Erin Benner, angelicjewel photography

‘My life has done a 180’
How one first-generation student went from dropping out of high school to embracing the U of M

Kaitlin McKinley said she was done with education when she dropped out of high school at 16. “I got to a point where I really didn’t feel supported in school. I didn’t feel like I had anyone to talk to. I didn’t want to keep pushing through an experience where I was really miserable,” she says.

At 17, she earned her GED and began working in retail. She also did a stint at a sanctuary for rescued chickens.

But she knew she wanted more. “I wasn’t happy with my retail jobs, and I wasn’t happy with the person I was,” she recalls. McKinley had thought about going back to school, “but I didn’t want to admit I wanted to go to college,” she says.

As the first in her family to continue beyond high school, she wasn’t sure where to begin. She knew little about student loans or scholarships. “I didn’t even know the difference between a community college and a university,” she says.

McKinley enrolled in Normandale Community College in 2019 at age 28. She credits her coach with the TRIO program, which assists students from disadvantaged backgrounds, with helping her navigate college and find a community.  (She eventually worked as a TRIO peer mentor.) “Had I gone it alone, it would have been a lot harder.”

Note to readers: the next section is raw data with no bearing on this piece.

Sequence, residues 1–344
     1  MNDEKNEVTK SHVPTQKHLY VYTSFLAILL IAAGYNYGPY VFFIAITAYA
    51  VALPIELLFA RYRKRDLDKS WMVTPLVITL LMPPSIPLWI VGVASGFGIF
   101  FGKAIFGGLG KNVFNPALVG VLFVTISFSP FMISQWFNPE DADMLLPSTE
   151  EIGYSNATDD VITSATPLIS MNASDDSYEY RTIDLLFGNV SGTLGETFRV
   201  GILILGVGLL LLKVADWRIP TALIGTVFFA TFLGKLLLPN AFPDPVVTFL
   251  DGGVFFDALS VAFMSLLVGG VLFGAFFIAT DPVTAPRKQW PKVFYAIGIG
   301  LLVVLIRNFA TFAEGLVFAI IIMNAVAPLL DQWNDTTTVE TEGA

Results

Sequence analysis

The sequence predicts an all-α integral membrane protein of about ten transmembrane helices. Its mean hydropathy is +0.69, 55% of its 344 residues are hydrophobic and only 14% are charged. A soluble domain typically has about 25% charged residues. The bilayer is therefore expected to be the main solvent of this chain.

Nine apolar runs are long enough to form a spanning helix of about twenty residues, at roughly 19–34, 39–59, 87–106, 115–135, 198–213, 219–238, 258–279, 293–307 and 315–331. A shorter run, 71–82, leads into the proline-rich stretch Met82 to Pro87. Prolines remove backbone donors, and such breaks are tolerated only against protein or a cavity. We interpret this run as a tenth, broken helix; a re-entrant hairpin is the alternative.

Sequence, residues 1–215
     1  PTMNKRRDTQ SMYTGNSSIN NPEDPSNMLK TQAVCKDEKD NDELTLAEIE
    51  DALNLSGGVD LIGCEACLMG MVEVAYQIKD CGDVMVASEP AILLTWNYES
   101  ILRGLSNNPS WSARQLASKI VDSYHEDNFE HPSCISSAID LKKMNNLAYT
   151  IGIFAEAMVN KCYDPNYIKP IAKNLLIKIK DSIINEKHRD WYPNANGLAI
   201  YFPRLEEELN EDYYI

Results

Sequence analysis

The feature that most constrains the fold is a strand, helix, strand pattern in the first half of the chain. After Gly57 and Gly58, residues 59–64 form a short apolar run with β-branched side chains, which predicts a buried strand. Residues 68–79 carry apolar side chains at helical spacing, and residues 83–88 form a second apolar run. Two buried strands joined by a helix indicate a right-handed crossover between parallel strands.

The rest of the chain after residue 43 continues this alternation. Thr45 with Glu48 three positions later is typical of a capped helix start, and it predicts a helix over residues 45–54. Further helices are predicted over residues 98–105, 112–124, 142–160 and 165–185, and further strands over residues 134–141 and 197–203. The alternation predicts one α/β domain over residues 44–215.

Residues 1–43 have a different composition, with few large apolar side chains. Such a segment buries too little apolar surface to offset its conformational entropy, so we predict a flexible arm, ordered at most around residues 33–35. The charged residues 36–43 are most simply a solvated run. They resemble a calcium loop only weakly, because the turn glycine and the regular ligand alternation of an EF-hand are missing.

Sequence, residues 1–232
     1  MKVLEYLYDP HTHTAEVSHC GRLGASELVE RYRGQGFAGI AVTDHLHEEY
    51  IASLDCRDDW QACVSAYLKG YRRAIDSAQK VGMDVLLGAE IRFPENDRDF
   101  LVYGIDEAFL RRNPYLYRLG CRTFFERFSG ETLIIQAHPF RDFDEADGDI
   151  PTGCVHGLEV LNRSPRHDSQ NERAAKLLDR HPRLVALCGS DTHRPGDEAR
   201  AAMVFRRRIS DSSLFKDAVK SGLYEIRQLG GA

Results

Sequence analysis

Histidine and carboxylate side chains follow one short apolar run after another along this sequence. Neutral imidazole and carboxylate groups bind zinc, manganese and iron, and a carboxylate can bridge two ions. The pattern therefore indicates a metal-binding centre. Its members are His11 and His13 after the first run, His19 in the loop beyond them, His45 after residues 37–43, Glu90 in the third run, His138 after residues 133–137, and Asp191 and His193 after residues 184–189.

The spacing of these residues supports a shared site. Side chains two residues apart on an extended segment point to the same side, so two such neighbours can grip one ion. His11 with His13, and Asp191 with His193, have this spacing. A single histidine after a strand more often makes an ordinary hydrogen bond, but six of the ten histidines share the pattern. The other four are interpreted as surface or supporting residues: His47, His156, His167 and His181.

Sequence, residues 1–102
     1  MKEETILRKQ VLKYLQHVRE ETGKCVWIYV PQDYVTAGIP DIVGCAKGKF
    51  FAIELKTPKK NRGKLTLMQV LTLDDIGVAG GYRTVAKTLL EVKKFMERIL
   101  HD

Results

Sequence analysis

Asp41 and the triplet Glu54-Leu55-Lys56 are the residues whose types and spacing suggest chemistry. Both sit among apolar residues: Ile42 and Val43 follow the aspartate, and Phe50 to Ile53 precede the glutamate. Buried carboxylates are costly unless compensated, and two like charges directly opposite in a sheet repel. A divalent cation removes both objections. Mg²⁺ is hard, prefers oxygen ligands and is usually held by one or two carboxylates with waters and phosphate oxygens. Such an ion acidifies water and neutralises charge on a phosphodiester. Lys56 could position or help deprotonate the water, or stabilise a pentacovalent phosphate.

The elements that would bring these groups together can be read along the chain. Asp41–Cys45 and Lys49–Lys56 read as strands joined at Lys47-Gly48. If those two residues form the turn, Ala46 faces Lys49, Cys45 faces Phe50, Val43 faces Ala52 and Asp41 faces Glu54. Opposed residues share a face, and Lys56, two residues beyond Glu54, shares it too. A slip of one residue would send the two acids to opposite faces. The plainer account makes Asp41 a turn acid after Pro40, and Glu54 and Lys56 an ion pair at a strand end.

After earning an associate’s degree, she wanted to go for her bachelor’s degree and applied to a few schools. “But I knew in my heart the U was where I wanted to be.”

McKinley, who started at the U last fall, says making the switch from a community college to a large university was a culture shock, and she admits her first semester was pretty tough. “I feel like every day I learn something new about the U,” she says.

She also began working as a peer coach with the Center for Academic Planning and Exploration, talking to students who are trying to decide on a major. McKinley credits her supervisor, who directed her to the Inter-College Program in the U’s College of Continuing and Professional Studies to create her own major that combines communication studies and family social science, for being a mentor.

McKinley says she has taken her parents to campus to give them a taste of University of Minnesota life. She and her mom took a tour before she started classes last year. She and her dad attended a Gopher football game.

She says at first it was hard for them to understand why she wanted to continue her education. “I had such a poor track record with school, but after they saw how hard I work and how dedicated I am, they’ve been massively supportive,” she says.

McKinley’s goal is to work with nontraditional students like herself who need extra support. “My life has done a 180,” she says. “If I could put a fraction of that back out into the world, I would be happy.”

She credits scholarships with lessening her debt so she can eventually go on to graduate school.

“I’m really grateful to be at the U,” she says. “It’s been an amazing experience, and it’s become a place where I feel at home.”

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